This is about particulate pollution. Not CO2. Cox doesn't think that soot in the air is bad for you.


The soot from a power plant can be bad for you but most of the power plants are decently clean. We have two coal plants in a local town and there is not much coming out of them, the mines here polute way more than they do. They can scrub the emmissions to get them even better, but that would cost a lot more. So what do they do, we all got a thirty percent increase in our bills on the company we got to switch over to half natural gas. Breaking a bond creates energy, usually the carbon bond is broken and with natural gas, there is less carbon but not that much less to account for the extra fifty bucks a month we pay.

The new emission standards they are supposedly impelementing soon will require a big expense to the coal plants with little actual participate savings here, so they chose to go gas, which is way less secure if something happens to the gas lines feeding this area. A simple earthquake can break the lines and all power and heating for most houses will be out causing a major disaster within a week in the winter. The transmission lines could not handle all of our energy needs coming into the area, they are too small. I see a very insecure situation occurring.



posted on Dec, 14 2018 @ 01:06 PM
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a reply to: rickymouse

The soot from a power plant can be bad for you but most of the power plants are decently clean.
If regulations are relaxed that would change.



The new emission standards they are supposedly impelementing soon

Which new standards would that be?



posted on Dec, 14 2018 @ 01:22 PM
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Cox denied that API influenced his work and said the organization did not suggest any substantive changes. The fossil fuel group offered "some minor copy editing suggestions on punctuation and my use of 'relation' vs. 'relationship,'" Cox said.

"Neither in effect nor in actual fact did they interfere with, shape, or direct my findings or the conduct of my research in any way," Cox said in an email to E&E News. "My research was complete before I drafted the paper, and nothing of substance changed thereafter except in response to journal reviewer comments and my own re-reading for clarity. My research is and always have been my own, and I do not accept outside interference."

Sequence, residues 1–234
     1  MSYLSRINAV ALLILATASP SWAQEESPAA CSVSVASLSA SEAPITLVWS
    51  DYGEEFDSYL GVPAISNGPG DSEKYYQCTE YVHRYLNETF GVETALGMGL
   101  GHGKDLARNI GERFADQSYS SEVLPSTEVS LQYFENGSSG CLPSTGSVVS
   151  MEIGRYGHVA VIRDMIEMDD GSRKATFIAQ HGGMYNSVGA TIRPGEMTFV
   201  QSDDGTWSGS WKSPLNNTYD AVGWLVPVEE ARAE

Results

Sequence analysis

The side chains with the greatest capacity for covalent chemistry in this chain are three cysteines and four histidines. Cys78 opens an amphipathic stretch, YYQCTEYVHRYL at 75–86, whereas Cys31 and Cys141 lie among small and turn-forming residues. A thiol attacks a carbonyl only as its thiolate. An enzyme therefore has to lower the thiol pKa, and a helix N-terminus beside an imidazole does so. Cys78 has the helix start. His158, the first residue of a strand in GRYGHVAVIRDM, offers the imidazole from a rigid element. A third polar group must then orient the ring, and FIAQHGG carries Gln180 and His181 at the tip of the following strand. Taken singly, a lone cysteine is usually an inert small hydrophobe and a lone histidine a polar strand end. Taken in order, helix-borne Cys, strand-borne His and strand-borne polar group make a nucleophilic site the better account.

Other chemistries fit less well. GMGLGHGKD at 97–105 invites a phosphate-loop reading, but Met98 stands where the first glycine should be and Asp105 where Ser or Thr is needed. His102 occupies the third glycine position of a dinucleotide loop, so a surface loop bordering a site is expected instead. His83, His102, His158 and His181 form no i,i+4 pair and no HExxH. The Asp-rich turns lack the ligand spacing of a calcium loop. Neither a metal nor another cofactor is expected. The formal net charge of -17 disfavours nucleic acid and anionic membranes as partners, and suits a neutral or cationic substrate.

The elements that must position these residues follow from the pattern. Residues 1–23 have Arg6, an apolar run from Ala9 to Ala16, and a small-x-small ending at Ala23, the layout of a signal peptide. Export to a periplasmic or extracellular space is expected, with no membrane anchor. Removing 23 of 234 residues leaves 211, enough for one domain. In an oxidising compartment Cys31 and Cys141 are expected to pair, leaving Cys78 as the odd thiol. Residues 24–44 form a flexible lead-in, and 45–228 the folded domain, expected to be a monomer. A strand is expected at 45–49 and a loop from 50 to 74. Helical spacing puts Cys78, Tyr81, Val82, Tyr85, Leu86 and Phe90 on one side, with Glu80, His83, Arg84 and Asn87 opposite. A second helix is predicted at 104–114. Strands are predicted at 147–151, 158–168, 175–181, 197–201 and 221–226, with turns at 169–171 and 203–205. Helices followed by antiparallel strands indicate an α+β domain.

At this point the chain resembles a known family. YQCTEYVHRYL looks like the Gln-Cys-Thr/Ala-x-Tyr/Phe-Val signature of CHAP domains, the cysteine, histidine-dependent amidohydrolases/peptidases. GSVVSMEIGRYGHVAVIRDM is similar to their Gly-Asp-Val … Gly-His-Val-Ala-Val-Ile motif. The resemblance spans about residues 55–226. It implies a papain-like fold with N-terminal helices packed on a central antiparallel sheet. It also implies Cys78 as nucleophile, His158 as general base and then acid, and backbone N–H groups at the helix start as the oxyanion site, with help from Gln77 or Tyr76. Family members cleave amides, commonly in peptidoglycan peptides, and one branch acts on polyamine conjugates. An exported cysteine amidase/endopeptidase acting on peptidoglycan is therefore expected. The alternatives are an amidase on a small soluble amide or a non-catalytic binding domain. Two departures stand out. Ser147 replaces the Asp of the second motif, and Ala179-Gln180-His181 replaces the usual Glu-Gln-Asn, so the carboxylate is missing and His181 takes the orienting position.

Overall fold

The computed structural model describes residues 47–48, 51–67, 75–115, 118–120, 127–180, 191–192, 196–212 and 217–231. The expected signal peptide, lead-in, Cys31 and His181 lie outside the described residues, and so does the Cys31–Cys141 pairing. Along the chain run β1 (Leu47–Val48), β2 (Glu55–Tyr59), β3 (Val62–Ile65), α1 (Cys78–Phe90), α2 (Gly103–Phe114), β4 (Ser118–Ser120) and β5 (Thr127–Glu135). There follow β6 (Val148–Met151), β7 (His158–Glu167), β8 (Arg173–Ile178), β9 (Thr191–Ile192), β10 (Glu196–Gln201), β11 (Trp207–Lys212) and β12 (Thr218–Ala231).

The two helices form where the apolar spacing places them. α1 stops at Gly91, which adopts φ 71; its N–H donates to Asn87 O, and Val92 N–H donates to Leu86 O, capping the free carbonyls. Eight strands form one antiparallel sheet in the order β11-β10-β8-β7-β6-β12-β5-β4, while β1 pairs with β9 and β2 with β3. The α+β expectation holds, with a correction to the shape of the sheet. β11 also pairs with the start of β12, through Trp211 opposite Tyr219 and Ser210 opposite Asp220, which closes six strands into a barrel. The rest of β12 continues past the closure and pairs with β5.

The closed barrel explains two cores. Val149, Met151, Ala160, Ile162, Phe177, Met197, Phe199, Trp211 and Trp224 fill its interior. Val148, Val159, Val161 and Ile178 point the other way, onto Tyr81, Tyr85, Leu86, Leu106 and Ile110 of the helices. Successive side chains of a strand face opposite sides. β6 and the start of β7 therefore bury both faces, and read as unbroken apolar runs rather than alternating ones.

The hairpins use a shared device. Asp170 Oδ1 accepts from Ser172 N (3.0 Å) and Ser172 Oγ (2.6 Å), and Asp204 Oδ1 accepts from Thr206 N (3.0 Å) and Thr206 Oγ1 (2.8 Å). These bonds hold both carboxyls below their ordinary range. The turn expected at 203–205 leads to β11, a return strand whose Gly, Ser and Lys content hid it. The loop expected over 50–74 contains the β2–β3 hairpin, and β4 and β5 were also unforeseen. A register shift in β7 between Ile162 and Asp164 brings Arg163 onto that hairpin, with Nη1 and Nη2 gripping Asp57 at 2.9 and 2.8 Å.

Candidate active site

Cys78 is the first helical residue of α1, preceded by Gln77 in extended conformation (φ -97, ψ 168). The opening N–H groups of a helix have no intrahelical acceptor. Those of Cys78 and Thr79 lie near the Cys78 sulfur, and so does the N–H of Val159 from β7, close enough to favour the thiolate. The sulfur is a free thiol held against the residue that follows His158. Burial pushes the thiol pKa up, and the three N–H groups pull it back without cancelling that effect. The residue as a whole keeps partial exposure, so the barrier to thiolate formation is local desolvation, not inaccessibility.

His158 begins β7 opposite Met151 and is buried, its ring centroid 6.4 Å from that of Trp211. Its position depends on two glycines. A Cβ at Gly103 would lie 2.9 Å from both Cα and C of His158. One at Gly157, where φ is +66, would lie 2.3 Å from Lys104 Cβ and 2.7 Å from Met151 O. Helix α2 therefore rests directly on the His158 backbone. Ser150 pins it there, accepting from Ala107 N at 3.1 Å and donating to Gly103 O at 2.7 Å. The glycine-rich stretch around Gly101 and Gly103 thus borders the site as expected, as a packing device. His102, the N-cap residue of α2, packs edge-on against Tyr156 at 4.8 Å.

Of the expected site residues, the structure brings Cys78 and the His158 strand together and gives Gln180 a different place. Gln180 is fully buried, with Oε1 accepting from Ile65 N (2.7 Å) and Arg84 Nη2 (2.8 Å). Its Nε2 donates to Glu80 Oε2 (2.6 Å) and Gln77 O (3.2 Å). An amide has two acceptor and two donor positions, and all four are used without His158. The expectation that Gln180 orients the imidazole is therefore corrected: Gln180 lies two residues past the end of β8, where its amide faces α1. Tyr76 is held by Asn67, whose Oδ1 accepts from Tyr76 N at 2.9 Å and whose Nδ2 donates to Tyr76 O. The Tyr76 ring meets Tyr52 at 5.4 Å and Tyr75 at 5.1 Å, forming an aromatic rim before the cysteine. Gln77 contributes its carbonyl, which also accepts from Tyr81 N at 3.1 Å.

posted on Dec, 14 2018 @ 01:28 PM
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a reply to: Propagandalf

Pruitt declared that scientists who received EPA grants had conflicts of interest, while those who are paid by polluting industries deserved a louder voice. That's when he named Cox to lead the Clean Air Scientific Advisory Committee.

www.sciencemag.org...

Pretty loud voice.

But maybe he won't recommend relaxing particulate rules.


edit on 12/14/2018 by Phage because: (no reason given)



posted on Dec, 14 2018 @ 01:47 PM
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I sometimes wonder if we should allow particulate pollution over pm50 and no lower as its the smallest of particles that kill by entering the bloodstream through the lungs We would all see the dirt from chimneys vehicles aircraft ships and so many other "clean" exhausts and perhaps be surprised where the pollution comes from the problem we have at the moment is air born emissions look clean yet they are deadly
I understand your point Phage that the very group of people that make particulate pollution are regulating it I truly belive we are living in the worst of times for both common sense morals and greed
I certainly don't have any answers but so wish things were very different



posted on Dec, 14 2018 @ 02:04 PM
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Trumps EPA is a bad joke. Their top environmental official for the Southeast Trey Glenn was arrested for Felony Ethics Charges recently. He is another coal company crony previously working against environmental cleanup that the Trump admin hired to oversee the epa.
edit on 14-12-2018 by Grimpachi because: (no reason given)



posted on Dec, 14 2018 @ 02:16 PM
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We lead the world in emission reductions and have for a while, so there is that which is often overlooked for purely political reasons.

The Left want to eliminate coal overnight as a solution, the Right wants to ease regulations. IMO they are both wrong and a more moderate approach is the rational choice if you remove partisan dishonesty from the equation.